The European Commission decided to register a European Citizens' Initiative entitled ‘Save the bees! Protection of biodiversity and improvement of habitats for insects in Europe'. The organisers call on the Commission to 'adopt legislation to maintain and improve habitats for insects as indicators of an undamaged environment'.
The Citizens' Initiative focuses on the creation of mandatory targets 'to make the promotion of biodiversity an overall objective of the common agricultural policy; to dramatically cut the use of pesticides, ban harmful pesticides without exception and reform eligibility criteria; to promote structural diversity in agricultural landscapes; to effectively reduce nutrients (e.g. Natura 2000); to effectively establish conservation areas; to intensify research and monitoring and improve education.'
Under the Treaties, the EU can take legal action in areas such as the internal market, agricultural policy as well as the protection of public health and the quality of the environment. The Commission therefore considers the initiative legally admissible and decided to register it. The Commission has not analysed the substance of the initiative at this stage.
The registration of this initiative will take place on 27 May 2019, starting a one-year process of collection of signatures of support by its organisers. Should the initiative receive one million statements of support within 1 year, from at least 7 different Member States, the Commission will have to react within 3 months. The Commission can decide either to follow the request or not, and in both instances would be required to explain its reasoning.
European Citizens' Initiatives were introduced with the Lisbon Treaty and launched as an agenda-setting tool in the hands of citizens in April 2012, upon the entry into force of the European Citizens' Initiative Regulation which implements the Treaty provisions. In 2017, as part of President Juncker's State of the Union address, the European Commission tabled reform proposals for the European Citizens' Initiative to make it even more user-friendly.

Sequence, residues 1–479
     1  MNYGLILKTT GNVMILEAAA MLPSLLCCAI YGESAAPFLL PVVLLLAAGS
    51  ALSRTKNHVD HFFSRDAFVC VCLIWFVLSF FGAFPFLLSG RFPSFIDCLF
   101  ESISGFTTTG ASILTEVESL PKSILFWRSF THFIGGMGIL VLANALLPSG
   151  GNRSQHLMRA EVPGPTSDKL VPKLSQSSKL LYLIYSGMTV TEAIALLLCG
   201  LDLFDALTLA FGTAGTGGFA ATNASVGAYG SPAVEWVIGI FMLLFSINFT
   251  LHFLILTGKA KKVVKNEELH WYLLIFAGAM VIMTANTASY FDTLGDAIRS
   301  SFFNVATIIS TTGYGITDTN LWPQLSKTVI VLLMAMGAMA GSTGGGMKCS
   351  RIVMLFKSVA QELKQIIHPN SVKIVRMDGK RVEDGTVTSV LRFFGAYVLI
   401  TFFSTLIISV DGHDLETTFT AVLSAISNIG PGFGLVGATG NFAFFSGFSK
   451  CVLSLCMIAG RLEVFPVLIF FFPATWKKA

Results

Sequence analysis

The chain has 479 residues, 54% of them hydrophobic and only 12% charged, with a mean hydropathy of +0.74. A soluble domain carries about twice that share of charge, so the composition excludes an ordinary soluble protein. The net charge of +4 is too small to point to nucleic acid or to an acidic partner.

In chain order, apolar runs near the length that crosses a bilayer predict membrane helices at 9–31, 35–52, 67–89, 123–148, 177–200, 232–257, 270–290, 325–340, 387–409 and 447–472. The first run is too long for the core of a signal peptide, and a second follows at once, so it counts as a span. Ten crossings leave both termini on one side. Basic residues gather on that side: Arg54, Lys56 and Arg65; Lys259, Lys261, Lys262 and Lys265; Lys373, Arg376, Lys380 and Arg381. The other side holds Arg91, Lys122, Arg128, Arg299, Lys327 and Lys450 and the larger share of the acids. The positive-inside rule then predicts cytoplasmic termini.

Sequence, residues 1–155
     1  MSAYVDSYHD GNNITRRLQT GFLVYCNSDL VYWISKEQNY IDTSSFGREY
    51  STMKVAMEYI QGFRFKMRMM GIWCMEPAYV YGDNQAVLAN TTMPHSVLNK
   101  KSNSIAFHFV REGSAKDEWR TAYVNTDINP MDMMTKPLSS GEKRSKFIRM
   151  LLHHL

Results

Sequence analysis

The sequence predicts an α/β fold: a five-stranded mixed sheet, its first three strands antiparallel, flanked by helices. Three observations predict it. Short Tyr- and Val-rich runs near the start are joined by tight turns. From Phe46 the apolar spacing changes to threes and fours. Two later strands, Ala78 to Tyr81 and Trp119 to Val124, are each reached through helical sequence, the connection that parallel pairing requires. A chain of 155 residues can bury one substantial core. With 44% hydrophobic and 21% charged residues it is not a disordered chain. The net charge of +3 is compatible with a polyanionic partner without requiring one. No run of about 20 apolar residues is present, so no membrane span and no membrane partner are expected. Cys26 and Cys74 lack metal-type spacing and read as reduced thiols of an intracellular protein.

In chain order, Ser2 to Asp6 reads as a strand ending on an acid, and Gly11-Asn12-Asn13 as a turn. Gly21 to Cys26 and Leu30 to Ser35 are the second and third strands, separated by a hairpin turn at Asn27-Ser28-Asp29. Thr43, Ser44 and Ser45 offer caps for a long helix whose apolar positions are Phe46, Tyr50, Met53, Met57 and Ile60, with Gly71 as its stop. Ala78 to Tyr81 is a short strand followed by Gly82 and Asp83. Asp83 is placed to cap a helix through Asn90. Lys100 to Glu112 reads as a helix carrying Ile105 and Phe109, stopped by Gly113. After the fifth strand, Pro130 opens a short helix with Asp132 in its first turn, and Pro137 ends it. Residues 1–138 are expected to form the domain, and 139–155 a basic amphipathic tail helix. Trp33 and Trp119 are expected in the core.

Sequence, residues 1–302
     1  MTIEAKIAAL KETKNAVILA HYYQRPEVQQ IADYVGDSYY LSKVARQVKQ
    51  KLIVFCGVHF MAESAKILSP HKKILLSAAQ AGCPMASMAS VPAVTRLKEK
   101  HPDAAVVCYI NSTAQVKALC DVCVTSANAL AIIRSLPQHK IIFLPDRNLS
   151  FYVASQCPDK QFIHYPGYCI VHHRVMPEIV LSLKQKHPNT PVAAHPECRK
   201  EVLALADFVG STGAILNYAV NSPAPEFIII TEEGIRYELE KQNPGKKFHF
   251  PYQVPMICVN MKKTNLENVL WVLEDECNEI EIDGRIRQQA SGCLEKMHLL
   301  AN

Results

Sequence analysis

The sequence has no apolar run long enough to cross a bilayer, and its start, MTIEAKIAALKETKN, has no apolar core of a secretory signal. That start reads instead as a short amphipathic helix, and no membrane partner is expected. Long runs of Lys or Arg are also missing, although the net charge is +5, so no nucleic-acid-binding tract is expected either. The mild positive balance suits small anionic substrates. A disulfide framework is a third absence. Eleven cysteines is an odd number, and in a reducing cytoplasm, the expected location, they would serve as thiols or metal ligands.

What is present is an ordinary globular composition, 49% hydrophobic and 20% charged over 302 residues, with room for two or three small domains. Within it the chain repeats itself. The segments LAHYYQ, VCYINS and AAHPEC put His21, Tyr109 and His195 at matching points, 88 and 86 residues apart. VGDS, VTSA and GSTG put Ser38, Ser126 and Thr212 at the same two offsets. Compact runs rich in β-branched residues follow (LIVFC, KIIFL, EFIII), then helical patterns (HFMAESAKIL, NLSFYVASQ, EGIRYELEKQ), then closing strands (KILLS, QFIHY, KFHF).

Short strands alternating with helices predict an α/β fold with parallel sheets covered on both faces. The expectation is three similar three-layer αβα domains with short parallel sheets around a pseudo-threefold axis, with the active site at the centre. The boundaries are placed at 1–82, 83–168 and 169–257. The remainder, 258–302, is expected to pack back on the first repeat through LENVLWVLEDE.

In December 2018, the European Parliament and the Council agreed on the reform and the revised rules will start applying as of 1 January 2020. In the meantime, the process has been simplified and a collaborative platform offers support to organisers. All this has contributed to 14% more registered Citizens' Initiatives (34 registrations during this Commission vs. 29 in the previous) and 80% fewer refusals (only 4 Citizens' Initiatives not registered during this Commission vs. 20 in the previous Commission).
Once formally registered, a European Citizens' Initiative allows one million citizens from at least one quarter of EU Member States to invite the European Commission to propose a legal act in areas where the Commission has the power to do so.
The conditions for admissibility are that the proposed action does not manifestly fall outside the framework of the Commission's powers to submit a proposal for a legal act, that it is not manifestly abusive, frivolous or vexatious and that it is not manifestly contrary to the values of the Union.